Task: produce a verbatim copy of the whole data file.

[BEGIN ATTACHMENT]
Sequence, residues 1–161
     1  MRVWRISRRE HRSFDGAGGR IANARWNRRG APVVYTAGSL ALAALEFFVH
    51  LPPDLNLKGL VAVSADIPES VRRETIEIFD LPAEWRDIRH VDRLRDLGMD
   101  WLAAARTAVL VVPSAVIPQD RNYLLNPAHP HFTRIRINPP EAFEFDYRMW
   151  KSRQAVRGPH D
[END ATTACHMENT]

Sequence, residues 1–161
     1  MRVWRISRRE HRSFDGAGGR IANARWNRRG APVVYTAGSL ALAALEFFVH
    51  LPPDLNLKGL VAVSADIPES VRRETIEIFD LPAEWRDIRH VDRLRDLGMD
   101  WLAAARTAVL VVPSAVIPQD RNYLLNPAHP HFTRIRINPP EAFEFDYRMW
   151  KSRQAVRGPH D